BY CHELSEA G. FULLER
As young professionals, we’re told to constantly move forward and take advantage of the opportunities we are given. However, we also must look back.
The West African principle of Sankofa means “it is not wrong to go back for that which you have forgotten.” The “past” Sankofa refers to is not a person’s individual past, but their heritage and ancestry.
People of color have a rich and intricate history filled with the stories of those who came before us and made our lives possible. Recent generations haven’t had to brunt the same kind of adversities as our predecessors. But this is not to say today’s young people don’t endure hardships.
Today you see people doing what’s necessary to advance themselves; and there is nothing wrong with that. However, it is wrong when an individual forgets that they are a part of a community.
Shirley Sherrod, a former worker of the U.S. Agriculture Department, is a prime example of someone who maintained the balance of individual and community advancement. She has been a foot soldier for the movement for more than 50 years. She was a civil-rights activist who made it her goal to fight against the discrimination of black farmers in western Georgia starting in the late 1970s. Throughout her career, she has never strayed from her mission and has remained an agent of positive change.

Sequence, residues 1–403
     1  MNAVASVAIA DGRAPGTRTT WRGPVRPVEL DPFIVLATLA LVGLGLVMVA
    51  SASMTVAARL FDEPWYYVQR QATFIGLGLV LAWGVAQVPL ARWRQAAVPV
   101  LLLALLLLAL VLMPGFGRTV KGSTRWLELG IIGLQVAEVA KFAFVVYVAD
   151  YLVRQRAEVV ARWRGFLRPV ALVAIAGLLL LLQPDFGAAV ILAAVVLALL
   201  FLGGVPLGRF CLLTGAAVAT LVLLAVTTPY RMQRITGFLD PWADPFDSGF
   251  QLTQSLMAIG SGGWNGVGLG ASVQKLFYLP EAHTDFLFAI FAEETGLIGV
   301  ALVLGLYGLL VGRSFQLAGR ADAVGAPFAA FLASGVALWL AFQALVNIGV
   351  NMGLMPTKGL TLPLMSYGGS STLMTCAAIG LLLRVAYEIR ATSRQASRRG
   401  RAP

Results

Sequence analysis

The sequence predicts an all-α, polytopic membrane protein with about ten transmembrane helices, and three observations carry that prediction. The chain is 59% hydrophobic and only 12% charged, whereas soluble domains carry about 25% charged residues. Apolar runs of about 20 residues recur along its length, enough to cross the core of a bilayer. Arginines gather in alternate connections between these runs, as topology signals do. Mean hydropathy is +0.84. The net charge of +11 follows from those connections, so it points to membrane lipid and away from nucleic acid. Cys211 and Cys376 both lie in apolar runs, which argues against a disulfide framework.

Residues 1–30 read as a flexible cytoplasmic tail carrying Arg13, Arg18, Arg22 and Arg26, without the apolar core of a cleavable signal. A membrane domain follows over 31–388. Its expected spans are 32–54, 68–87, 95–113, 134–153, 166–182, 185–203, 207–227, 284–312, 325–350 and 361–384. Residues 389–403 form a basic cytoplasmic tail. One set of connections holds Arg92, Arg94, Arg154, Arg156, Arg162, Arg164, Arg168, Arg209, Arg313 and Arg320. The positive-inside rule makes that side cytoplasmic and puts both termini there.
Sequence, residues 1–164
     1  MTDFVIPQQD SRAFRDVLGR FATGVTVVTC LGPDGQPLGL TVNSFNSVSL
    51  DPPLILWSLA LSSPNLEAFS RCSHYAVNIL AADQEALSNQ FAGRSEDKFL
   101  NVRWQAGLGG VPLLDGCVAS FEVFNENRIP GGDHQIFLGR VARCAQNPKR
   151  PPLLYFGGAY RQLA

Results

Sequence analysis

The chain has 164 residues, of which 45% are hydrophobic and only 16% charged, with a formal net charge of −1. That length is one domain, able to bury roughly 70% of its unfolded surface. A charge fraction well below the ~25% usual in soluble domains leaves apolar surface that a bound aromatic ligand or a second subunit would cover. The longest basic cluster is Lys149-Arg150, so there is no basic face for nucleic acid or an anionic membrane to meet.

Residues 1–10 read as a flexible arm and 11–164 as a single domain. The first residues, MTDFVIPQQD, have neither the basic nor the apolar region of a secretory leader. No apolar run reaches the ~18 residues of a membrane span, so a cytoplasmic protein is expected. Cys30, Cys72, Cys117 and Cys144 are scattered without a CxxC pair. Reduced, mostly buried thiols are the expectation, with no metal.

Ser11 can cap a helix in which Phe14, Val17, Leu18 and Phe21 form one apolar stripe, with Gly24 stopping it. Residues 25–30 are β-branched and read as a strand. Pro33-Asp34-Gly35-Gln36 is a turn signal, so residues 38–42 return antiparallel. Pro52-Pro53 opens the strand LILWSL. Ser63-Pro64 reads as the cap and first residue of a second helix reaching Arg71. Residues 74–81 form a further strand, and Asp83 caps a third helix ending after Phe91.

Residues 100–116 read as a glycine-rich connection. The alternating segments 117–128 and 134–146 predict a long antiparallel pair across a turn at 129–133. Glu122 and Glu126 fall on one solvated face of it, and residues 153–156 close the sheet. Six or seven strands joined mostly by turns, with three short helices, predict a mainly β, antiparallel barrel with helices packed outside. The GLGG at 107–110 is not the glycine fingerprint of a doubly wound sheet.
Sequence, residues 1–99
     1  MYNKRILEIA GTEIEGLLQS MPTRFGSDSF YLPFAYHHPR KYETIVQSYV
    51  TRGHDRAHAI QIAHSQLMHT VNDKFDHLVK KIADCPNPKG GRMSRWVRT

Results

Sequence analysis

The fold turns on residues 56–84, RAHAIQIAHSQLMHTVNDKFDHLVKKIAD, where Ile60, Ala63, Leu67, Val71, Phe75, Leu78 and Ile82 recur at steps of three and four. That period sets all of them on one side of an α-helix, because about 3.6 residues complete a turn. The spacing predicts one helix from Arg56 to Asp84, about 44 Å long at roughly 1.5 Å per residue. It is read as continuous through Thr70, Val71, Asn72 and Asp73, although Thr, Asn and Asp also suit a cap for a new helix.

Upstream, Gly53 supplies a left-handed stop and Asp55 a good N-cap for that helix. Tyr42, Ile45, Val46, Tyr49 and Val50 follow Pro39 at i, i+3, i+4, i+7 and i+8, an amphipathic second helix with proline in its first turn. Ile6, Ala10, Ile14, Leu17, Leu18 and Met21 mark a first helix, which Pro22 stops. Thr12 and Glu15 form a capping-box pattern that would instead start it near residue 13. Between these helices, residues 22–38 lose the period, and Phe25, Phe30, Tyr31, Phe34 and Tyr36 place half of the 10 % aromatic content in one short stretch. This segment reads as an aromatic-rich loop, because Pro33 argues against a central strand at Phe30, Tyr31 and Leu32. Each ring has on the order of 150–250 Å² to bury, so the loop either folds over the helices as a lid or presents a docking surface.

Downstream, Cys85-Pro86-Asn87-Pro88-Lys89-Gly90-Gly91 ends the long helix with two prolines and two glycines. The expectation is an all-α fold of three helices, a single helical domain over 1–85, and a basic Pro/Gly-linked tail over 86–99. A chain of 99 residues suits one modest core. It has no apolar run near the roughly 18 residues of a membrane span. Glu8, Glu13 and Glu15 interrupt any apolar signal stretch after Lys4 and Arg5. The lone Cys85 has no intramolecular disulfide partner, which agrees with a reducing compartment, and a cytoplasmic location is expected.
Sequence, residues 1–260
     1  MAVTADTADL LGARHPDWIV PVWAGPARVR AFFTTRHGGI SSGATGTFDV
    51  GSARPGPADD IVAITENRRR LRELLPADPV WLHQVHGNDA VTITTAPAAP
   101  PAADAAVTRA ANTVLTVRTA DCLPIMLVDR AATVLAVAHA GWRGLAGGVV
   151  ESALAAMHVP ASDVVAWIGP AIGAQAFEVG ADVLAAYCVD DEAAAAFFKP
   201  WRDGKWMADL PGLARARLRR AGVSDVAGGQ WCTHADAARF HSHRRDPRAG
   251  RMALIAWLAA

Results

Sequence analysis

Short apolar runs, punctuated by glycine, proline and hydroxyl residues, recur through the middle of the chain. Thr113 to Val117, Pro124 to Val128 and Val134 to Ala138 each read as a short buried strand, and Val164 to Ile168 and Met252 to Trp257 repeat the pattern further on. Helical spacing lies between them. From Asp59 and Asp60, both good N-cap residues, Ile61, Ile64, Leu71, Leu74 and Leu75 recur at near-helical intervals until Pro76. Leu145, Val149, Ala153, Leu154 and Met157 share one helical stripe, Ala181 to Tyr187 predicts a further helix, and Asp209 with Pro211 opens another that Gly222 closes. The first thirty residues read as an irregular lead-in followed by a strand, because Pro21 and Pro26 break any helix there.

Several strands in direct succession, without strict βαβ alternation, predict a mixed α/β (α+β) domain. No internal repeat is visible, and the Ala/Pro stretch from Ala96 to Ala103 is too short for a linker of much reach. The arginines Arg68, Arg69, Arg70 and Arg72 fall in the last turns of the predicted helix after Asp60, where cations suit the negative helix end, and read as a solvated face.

Sherrod has seen her way through many hardships, all while staying positive and optimistic. These two things can be very hard when dealing with injustice.
Thursday, I had the opportunity to hear Sherrod speak during a panel discussion before the opening ceremony for the National Association of Black Journalists 2010 Convention and Career Fair.
Sherrod discussed the recent controversy surrounding her unjust removal from the position as the Director of Agriculture for the state of Georgia. She also shared her feelings on the state of the black community in regards to the lack of knowledge and appreciation young black people have for their history.
Sherrod referred to the way racial issues are handled in this country and how they are “swept under the rug.” Ignoring issues, especially those dealing with race, exacerbates the problem.
Some people believe discussing racial issues fuels the fires of prejudice and racism, when in actuality, dialogue and education are the only means to eliminate them.
There are many professions which allow people to inform and educate others about important issues through their work. Individuals in those fields understand that it shouldn’t be taken for granted.
As young journalists we shouldn’t be afraid to tackle the uncomfortable issues like race. I believe it’s our job to take advantage of opportunities to expose injustices and turn them into teachable moments.
CNN anchor Don Lemon visited the NABJ student newsroom and shared some very important words of wisdom with the 2010 student project participants.
“Be passionate and fearless…there is nothing to lose but a job.” For most people losing a job is a big deal, but so is standing up for what is right and making a difference when you can. Doing what is right is not always going to be popular, but according to Mrs. Shirley Sherrod… “Right will win in the end.”
So, when you see opportunities to expose injustice or inform other people of color about our history, do so because knowing who you are will do nothing but strengthen your sense of self.